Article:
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Illinois court says employers cannot interfere with injured employees’ rights and medical care

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When workers are injured on the job, they often need immediate medical care. Many workplace accidents require a visit to the doctor or the emergency room. Some accidents may lead to several days and nights in the hospital. Although McHenry workers’ compensation law requires employees to report medical treatment to their employers for proper coverage, adequate care is always the first priority, even when the worker is not yet able to notify the employer. A recent Illinois court case involving a recently terminated FedEx employee has affirmed the right to care without prior notification.

Unexpected termination for a FedEx worker

 

An Illinois FedEx employee reported back pain in January 2007 and was given a week of light duty by his supervisors. During this period, he sought medical care from a physician assistant, who prescribed physical therapy and a functional capacity evaluation to discover the extent of the damage to his back. When his employers discovered that he had received treatment for a work-related injury, the company terminated his employment, citing a FedEx policy that injured employees must give notice before seeking medical care. Several years later, the employee filed an action against FedEx for wrongful termination.

 

Decision by the U.S. District Court

 

FedEx removed the action in January 2013 to the U.S. District Court for the Northern District of Illinois. This court ruled that the employee had the right under McHenry workers’ compensation law to seek medical treatment without notifying his employer first. Although FedEx protested that a 24-hour phone line was open for notification, the court maintained that the Illinois Workers’ Compensation Act prohibits retaliation when employees choose to see a doctor or another medical specialist before notifying their employers. The worker was awarded more than $50,000 in damages.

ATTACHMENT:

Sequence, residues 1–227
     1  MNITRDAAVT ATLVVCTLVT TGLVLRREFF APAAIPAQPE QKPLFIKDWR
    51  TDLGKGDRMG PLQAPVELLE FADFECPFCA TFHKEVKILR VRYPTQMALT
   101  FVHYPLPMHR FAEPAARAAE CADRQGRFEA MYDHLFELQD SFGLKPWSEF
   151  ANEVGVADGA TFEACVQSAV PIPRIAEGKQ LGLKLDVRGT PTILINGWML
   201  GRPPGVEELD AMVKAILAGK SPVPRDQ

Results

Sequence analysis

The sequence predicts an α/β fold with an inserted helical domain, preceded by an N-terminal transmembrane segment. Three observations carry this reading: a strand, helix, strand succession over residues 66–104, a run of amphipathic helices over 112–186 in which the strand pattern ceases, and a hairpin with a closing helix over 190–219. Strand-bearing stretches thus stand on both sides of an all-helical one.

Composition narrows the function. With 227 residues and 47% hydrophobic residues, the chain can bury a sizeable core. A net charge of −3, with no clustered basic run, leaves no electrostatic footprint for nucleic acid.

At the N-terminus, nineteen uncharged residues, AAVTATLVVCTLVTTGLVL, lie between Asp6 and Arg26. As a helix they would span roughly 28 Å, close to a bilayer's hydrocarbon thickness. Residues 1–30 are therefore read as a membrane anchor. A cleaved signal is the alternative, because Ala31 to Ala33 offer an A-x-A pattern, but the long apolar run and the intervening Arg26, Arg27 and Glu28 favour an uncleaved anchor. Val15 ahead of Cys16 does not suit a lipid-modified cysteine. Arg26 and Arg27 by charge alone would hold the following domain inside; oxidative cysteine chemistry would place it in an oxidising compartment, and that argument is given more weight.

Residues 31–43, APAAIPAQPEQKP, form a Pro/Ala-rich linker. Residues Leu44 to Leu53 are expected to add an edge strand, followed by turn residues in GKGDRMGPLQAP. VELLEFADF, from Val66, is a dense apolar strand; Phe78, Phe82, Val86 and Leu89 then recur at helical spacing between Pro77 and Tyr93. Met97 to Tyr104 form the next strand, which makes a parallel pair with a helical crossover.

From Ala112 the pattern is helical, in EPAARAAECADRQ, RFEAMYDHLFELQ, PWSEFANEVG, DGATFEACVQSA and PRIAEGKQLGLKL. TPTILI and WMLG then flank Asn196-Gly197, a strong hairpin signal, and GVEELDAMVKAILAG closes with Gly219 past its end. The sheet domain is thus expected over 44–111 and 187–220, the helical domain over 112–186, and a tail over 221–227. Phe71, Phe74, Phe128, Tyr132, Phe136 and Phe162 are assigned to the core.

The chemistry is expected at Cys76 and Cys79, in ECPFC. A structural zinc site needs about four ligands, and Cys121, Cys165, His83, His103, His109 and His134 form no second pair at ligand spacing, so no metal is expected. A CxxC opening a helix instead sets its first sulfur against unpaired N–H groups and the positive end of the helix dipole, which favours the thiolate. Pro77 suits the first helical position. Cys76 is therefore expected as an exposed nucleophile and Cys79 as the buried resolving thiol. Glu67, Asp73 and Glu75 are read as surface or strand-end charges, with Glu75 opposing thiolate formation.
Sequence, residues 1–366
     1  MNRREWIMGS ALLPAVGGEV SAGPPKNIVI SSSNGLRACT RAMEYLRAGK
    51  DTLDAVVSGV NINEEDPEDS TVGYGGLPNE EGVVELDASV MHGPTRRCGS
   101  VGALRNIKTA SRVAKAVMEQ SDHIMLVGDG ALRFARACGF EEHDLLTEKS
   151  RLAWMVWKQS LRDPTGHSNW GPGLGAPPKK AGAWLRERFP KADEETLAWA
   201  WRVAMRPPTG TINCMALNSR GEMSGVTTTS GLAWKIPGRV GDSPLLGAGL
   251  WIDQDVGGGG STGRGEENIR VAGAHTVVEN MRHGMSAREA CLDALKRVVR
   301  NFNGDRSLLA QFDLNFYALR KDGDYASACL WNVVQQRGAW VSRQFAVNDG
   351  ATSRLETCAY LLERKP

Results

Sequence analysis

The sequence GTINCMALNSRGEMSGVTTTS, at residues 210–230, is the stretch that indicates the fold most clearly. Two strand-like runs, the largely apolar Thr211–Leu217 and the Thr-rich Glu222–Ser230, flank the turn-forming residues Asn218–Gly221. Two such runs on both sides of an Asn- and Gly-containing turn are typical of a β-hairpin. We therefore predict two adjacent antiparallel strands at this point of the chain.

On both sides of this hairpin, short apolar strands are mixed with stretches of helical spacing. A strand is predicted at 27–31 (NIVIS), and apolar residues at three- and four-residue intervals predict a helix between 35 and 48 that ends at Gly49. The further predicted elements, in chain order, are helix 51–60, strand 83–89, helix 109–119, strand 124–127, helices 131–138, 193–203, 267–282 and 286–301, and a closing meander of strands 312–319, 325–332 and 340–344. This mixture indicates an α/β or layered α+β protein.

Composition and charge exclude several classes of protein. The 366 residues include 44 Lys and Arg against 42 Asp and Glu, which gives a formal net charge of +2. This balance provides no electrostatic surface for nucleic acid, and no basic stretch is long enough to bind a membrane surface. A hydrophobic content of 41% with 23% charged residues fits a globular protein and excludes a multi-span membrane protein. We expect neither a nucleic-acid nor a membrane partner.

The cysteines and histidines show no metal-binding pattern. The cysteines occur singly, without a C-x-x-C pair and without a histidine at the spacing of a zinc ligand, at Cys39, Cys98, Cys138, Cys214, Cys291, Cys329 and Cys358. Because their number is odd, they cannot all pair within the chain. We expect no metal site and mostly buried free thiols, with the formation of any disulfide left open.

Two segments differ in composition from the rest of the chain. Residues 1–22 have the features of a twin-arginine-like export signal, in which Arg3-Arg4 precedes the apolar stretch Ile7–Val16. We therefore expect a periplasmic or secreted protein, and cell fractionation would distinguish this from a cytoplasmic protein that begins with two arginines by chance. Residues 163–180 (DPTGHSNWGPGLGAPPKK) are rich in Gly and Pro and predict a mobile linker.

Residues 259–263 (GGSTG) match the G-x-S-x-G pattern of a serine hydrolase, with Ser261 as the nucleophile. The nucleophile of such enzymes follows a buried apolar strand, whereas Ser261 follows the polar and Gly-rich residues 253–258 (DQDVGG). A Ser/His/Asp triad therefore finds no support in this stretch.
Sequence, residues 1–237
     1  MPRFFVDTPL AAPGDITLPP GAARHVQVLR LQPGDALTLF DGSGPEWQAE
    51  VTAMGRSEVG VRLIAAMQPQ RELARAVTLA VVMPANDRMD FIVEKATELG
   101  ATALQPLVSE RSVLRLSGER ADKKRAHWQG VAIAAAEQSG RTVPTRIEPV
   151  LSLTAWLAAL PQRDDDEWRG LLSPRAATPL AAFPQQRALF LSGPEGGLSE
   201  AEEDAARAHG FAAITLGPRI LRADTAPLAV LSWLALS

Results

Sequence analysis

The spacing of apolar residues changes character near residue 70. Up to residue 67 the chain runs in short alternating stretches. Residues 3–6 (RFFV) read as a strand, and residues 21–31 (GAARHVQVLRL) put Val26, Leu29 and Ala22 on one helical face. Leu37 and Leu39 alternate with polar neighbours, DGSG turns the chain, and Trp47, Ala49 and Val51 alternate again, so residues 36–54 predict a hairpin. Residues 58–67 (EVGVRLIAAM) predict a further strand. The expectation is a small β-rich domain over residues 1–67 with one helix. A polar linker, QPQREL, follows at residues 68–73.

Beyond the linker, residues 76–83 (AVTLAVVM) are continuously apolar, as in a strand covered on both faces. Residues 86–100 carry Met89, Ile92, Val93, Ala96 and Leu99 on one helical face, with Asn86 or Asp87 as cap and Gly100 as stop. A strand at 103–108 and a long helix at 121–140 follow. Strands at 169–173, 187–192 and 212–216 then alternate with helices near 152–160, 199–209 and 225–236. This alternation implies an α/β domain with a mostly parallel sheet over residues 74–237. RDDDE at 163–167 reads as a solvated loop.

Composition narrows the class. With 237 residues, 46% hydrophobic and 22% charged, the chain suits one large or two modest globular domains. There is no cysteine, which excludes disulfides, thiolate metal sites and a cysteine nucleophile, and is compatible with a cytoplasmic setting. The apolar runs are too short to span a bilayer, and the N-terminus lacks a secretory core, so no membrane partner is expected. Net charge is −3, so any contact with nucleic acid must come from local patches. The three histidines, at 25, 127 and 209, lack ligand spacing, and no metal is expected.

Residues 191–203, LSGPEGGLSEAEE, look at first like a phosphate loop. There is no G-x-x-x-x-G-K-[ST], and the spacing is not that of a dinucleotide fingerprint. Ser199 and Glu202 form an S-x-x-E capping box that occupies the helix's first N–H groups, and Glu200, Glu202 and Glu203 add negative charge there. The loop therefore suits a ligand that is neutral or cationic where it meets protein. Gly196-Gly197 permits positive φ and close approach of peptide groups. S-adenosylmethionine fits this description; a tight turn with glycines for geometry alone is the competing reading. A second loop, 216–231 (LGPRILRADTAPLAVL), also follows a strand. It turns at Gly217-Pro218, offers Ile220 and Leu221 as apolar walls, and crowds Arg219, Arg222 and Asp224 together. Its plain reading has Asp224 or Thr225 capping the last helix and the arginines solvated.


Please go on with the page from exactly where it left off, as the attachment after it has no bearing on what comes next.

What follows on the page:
Seeking medical care after a workplace accident

 

The hours and days after a workplace injury can be overwhelming and confusing. This recent Illinois court case is a reminder that all workers can seek care on their own schedule. When people are injured at work, they have the right to all of the following services:

 


  • Emergency care at a hospital, urgent care center or other facility

  • Consultation with a primary care provider

  • Referral to a specialist

  • Physical therapy and capacity evaluation


 

Workers do not need to notify employers before seeking any of these levels of care.

 

McHenry workers’ compensation law gives you the right to medical care and treatment in Illinois without employer interference. To discuss the details of your case, call a personal injury attorney today.

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